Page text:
First fix and second fix
First fix and second fix are terms used in the UK and Irish housebuilding and commercial building construction industry.
First fix comprises all the work needed to take a building from foundation to putting plaster on the internal walls. This includes constructing walls, floors and ceilings, and inserting cables for electrical supply and pipes for water supply.
Second fix comprises all the work after the plastering of a finished house. Electrical fixtures are connected to the cables, sinks and baths connected to the pipes, and doors fitted into doorframes. Second fix work requires a neater finish than first fix.
The division of work is a convenient description because electricians, plumbers and carpenters will probably have to make two separate visits to one property under construction, at separate times. Project managers can report "first fix complete" or "second fix 50% done" and others can understand.
Some construction companies specialise in first fix work or second fix work, but most do both.
In North America, terms such as roughing in and finishing or rough-in and finish work are often heard, referring to similar concepts. Another related set of terms is outside work and inside work (the building is closed to the weather when the latter occurs). Carpenters speak of rough work and trim work (or framing versus trimming), and other fields have analogues, such as machining (roughing versus finishing cuts) and communications (rough draft versus revised draft).
Electrical installations and "third fixes"
Electrical installations can be further divided into first, second and third fixes:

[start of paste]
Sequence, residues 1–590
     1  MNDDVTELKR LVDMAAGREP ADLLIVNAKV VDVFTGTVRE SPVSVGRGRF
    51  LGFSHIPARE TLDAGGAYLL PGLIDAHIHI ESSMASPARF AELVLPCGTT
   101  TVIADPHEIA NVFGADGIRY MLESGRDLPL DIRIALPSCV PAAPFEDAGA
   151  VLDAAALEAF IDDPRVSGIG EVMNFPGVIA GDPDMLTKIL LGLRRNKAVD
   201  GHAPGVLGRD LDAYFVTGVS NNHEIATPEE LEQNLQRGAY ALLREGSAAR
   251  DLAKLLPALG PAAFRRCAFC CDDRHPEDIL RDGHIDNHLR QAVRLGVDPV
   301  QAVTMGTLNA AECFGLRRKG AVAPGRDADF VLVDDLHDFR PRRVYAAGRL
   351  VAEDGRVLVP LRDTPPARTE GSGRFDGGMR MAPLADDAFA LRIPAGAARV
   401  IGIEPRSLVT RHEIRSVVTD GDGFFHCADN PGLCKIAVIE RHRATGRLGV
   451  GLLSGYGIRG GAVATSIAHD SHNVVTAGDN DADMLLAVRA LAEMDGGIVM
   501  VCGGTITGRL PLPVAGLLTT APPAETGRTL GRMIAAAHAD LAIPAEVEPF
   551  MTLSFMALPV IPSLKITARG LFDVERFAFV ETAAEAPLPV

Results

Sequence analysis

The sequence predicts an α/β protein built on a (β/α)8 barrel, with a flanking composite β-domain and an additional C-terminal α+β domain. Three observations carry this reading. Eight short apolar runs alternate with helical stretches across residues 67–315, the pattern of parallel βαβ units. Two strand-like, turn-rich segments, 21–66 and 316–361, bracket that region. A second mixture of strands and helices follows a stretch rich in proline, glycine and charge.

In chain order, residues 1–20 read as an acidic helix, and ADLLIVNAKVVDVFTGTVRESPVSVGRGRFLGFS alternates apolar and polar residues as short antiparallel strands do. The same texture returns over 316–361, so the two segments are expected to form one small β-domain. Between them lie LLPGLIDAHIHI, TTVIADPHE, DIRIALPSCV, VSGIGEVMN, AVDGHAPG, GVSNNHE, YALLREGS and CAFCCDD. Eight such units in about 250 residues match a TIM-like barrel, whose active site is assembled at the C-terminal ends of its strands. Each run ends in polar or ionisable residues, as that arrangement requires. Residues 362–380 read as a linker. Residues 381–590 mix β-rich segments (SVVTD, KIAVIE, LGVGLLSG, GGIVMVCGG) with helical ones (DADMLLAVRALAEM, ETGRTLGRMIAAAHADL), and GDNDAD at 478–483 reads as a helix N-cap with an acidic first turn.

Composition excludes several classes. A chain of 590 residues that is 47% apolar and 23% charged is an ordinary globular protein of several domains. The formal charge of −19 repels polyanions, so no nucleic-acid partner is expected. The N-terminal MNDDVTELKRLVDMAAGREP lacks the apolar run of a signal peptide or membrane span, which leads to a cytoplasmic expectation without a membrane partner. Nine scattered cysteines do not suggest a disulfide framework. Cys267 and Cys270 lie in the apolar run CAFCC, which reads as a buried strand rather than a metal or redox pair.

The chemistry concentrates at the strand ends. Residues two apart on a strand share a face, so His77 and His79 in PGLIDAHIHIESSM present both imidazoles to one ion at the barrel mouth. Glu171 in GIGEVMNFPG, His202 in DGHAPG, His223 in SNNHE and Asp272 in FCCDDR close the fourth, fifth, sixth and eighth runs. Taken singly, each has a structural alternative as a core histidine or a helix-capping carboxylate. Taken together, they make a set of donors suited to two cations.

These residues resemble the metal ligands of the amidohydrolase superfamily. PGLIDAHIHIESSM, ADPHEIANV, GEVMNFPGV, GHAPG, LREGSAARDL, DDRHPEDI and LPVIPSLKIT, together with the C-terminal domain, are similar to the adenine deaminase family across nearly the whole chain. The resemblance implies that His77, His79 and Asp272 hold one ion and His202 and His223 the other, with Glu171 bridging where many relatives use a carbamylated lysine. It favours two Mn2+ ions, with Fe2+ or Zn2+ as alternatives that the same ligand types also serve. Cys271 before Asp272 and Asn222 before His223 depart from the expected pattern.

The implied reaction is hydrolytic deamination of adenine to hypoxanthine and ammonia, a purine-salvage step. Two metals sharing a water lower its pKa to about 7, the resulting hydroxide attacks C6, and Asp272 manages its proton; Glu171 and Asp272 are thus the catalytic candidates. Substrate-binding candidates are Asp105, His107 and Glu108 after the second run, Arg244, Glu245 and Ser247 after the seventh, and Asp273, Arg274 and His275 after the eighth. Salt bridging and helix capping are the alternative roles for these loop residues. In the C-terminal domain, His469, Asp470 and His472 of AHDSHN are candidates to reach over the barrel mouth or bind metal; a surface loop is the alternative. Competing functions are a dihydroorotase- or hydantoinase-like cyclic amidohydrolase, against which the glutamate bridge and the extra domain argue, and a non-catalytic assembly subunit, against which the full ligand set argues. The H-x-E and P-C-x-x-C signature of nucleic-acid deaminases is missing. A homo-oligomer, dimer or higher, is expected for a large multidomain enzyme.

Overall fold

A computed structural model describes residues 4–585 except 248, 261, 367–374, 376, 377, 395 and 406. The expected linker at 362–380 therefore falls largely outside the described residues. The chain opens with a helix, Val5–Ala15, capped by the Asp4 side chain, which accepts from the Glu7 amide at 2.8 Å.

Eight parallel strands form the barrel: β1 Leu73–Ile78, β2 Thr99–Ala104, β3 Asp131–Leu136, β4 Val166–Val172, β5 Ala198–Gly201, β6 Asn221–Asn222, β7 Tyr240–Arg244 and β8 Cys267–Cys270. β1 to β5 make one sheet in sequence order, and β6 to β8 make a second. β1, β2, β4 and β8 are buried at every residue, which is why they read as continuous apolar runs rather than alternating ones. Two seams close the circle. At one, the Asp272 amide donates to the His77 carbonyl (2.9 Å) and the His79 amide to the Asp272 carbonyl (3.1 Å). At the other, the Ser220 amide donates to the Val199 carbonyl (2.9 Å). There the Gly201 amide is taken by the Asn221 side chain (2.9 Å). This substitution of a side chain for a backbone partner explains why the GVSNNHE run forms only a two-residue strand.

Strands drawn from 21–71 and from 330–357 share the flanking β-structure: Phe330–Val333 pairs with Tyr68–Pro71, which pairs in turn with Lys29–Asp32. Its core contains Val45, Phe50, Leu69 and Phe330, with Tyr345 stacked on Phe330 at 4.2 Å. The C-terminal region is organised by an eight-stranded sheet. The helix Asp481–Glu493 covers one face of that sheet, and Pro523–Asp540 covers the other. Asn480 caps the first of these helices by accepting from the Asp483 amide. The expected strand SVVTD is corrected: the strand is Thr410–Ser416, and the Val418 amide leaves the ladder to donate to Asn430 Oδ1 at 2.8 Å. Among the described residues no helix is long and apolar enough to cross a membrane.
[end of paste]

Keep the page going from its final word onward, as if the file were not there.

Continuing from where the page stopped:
- First Fix: Positioning and securing of accessory boxes
- Second Fix: Preparation and positioning of cables
- Third Fix: Termination of conductors to accessories and protective devices
As modern society's reliance on technology increases, the need to properly house sensitive electronic equipment becomes a greater concern. The installation of this equipment takes place in the "third fix" segment of a construction project. It is especially important that installation of sensitive electronic equipment be installed only when a construction site is dust-controlled and prepared for what would be considered "dust free" conditions. For example, for the modern computer server room, equipment would be installed only when dust and atmospheric conditions are minimized and controlled. Similar to the atmospheric needs of medical and scientific research laboratories, the production sensitive computer chip technology is undertaken in a cleanroom atmosphere where low levels of environmental pollutants such as dust and airborne microbes are controlled and most preferably eliminated.
The UK national building specifications, British Standard 5295:1989, specifically addresses "clean room" environments serving electronics manufacturers, as well as the pharmaceutical industry (the Pharmaceutical Industry has, for some time, worked to the ISO standard 14644 which is subtly different). Standard 5295:1989 specifically pertains to constructed interior spaces where higher than normal environmental standards must be maintained, in order to control particulate contamination, temperature and humidity. It is only at the third fix stage, when building site conditions are rendered virtually dust free, so as to minimize the introduction, generation and retention of particles which may contaminate equipment serving the electronics and pharmaceuticals manufacturing process, that the build-out of "clean room" spaces can commence.
- Russell, Jack (2007). The Streetwise Subbie: How to Survive the Contracts Jungle. 3rd ed. Oxford: Newnes. ISBN 978-0-7506-8061-5. App. 4
- Tweney, Dylan; Snyder, Jonathan (October 19, 2010). "A Chip Is Born:Inside a State-of-the-Art Clean Room". Wired.
- "Industrial Committee Practice Note 5, Reevaluation 2005, Valuation of Subjects Containing Clean Rooms." (PDF). Scottish Assessors Association. 2005.